Measurement of Minimum Inhibitory Concentration (MIC)

Agar dilution method outlined in CLSI document M100-S24 (2014) [37] was performed to determine MIC of each isolate. Ten different antibiotics (oxacillin, vancomycin, penicillin, tetracycline, clindamycin, chloramphenicol, erythromycin, cotrimoxazole, gentamycin and ciprofloxacin) were diluted to concentration ranging from 1.25 µg/ml to 5120 µg/ml. Appropriate dilutions of antibiotics were added to molten Mueller Hinton agar and poured into sterile petri dishes. To solidified media, 5 µl of 1:10 diluted 0.5 McFarland standard bacterial suspensions were spot inoculated. After 24 h of incubation at 35 °C, isolates were categorized based on their breakpoints for resistance according to the recommendations by CLSI [37].

Persister assay

Persister assay was performed for 60 selected staphylococcal clinical isolates representing 10 susceptible isolates for six antibiotics tested. Overnight bacterial cultures were prepared by inoculating frozen cells into 5 ml of TSB in 50 ml culture tubes, incubated at 37 °C in incubator shaker at 225 rpm. The overnight cultures were diluted 1:10 in fresh TSB medium, incubated further for 2 h and normalized to an optical density at OD600 of 0.05 in pre-warmed 10 ml TSB in 125 ml conical flask to use as starting culture. The starting bacterial cultures were grown ~ 2 h until they reached an OD600 of 0.5–0.6 and 16 h for exponential phase culture and stationary phase cultures respectively. Persister assay was performed in both the exponential and stationary phase staphylococcal cells. When the culture reached at exponential phase, 100 μl of the culture was taken, serially diluted and spread on the surface of TSA plates to determine the initial colony forming units (CFUs) count. The remaining cultures were challenged with 20 × MIC of individual antibiotics and further incubated at 37 °C with continuous shaking (225 rpm). At designated time points after antibiotic exposure, 100 μl of bacterial suspension was taken, washed with PBS and serially diluted. After that, 10 μl cell suspensions were spotted onto TSA plates and incubated for 24 h for persister count. Same procedure was followed for persister assay in stationary phase culture using 100 × MIC of individual antibiotics.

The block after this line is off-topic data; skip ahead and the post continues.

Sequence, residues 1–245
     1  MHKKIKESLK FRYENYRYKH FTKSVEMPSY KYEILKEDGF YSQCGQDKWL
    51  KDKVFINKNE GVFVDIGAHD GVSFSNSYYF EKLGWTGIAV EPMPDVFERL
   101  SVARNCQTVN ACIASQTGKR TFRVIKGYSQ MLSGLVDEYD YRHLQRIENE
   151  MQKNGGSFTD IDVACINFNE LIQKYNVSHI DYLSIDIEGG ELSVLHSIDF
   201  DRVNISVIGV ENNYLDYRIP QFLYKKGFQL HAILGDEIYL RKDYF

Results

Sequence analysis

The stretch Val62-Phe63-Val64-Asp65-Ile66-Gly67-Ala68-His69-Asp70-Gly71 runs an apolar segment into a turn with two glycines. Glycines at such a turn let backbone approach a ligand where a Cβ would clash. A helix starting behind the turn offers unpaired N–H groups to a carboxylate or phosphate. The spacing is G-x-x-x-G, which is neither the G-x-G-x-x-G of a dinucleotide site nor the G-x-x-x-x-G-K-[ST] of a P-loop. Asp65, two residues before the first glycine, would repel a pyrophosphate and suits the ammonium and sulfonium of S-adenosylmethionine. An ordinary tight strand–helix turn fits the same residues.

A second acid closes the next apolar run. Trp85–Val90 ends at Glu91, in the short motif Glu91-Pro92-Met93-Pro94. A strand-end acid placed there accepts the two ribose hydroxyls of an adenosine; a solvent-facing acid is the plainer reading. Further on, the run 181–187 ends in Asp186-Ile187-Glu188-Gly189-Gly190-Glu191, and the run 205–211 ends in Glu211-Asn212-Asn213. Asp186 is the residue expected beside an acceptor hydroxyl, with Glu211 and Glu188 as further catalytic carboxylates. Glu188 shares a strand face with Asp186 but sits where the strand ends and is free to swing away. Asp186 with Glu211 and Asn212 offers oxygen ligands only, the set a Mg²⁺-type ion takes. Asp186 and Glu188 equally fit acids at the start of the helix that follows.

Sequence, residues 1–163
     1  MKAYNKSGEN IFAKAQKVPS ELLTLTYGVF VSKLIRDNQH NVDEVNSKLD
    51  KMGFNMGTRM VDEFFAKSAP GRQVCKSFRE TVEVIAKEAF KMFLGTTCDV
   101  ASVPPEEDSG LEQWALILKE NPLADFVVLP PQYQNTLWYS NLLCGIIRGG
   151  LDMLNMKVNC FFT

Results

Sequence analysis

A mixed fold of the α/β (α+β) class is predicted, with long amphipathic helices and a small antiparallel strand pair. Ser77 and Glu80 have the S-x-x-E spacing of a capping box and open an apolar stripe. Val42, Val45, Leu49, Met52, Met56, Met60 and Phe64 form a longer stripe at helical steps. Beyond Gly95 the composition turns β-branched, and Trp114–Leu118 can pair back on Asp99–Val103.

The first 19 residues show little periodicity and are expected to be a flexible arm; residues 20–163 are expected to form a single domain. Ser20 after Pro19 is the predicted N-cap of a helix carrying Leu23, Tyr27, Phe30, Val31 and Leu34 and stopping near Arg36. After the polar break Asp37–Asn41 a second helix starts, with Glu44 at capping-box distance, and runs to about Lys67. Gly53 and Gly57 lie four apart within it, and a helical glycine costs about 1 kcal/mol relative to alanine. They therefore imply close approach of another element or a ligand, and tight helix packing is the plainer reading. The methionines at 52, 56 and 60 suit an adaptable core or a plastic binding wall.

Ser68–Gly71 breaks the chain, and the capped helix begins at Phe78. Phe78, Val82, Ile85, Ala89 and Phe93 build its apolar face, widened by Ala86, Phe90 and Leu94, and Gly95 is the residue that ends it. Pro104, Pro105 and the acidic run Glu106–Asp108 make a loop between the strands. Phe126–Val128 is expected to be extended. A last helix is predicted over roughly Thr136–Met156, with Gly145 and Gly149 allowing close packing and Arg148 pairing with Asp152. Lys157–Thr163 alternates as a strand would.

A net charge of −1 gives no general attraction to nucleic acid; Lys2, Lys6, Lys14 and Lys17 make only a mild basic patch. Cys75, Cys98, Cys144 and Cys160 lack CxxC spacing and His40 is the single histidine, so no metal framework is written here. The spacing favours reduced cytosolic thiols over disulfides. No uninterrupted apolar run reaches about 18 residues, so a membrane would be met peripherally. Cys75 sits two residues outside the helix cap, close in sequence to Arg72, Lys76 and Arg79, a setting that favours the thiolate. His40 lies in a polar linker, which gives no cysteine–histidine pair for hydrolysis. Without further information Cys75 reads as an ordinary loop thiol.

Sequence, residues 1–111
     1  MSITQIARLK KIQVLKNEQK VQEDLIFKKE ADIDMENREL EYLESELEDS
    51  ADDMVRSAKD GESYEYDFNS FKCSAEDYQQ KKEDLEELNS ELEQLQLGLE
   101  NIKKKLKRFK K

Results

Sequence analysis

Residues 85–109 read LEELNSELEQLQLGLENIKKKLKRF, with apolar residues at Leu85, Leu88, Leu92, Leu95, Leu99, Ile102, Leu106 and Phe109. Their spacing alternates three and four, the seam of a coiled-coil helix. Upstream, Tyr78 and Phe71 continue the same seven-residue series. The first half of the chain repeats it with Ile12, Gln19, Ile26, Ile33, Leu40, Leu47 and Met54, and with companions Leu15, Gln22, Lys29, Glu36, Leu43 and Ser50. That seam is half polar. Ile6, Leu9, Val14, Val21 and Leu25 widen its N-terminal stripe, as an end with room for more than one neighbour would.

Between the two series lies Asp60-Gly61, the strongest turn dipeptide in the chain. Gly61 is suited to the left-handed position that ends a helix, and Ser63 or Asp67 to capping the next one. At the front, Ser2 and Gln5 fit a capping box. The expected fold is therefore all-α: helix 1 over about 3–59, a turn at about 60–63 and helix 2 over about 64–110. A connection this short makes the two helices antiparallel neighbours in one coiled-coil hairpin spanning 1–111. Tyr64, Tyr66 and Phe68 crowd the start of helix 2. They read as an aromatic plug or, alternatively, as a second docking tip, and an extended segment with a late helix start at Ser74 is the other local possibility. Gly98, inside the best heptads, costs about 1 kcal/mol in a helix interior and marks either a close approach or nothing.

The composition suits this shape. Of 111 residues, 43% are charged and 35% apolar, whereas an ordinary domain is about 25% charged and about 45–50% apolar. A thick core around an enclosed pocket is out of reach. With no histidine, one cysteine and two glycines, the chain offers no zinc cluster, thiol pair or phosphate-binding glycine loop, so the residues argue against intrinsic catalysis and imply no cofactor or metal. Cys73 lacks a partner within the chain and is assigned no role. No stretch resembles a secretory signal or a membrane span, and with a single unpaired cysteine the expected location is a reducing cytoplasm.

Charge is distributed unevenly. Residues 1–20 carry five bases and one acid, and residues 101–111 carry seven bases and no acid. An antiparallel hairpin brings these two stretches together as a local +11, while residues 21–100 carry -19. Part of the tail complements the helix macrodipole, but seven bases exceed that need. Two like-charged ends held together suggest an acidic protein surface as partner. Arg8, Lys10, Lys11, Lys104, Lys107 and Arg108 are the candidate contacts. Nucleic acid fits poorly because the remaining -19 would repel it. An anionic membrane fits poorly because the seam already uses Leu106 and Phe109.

Statistical analysis

Results for antibiotic susceptibility were expressed in terms of MIC-50 and MIC-90 to represent that of 50% and 90% of the bacterial growth inhibition respectively. The Chi-square test was used to evaluate the statistical significance of differences in the results. The p value of < 0.05 was considered statistically significant.

Availability of data and materials

All data generated or analysed during this study are included in this published article and its supplementary information files.



Center for Disease Control and Prevention


Methicillin resistant Staphylococcus aureus


Tissue culture plate method


Tryptic soy broth


Coagulase negative Staphylococci


Optical density


National center for Biotechnology Information


Clinical and Laboratory Standard Institute


Minimum Inhibitory Concentration


Colony forming unit


Central venous catheter


Endotracheal tube tip


  1. Bigger JW. Treatment of Staphylococcal infections with penicillin by intermittant sterilisation. Lancet Infect Dis. 1944;244:4.

    Google Scholar 

  2. Lewis K. Persister cells. Annu Rev Microbiol. 2010;64:357–72.

    Article  CAS  PubMed  Google Scholar 

  3. Lewis K. Persister cells, dormancy and infectious disease. Nat Rev Microbiol. 2007;5(1):48–56.

    Article  CAS  PubMed  Google Scholar 

  4. Shah D, Zhang Z, Khodursky A, Kaldalu N, Kurg K, Lewis K. Persisters: a distinct physiological state of E. coli. BMC Microbiol. 2006;6:53.

    Article  PubMed  PubMed Central  Google Scholar 

  5. Keren I, Shah D, Spoering A, Kaldalu N, Lewis K. Specialized persister cells and the mechanism of multidrug tolerance in Escherichia coli. J Bacteriol. 2004;186(24):8172–80.

    Article  CAS  PubMed  PubMed Central  Google Scholar 

  6. Levin BR, Rozen DE. Non-inherited antibiotic resistance. Nat Rev Microbiol. 2006;4(7):556–62.

    Article  CAS  PubMed  Google Scholar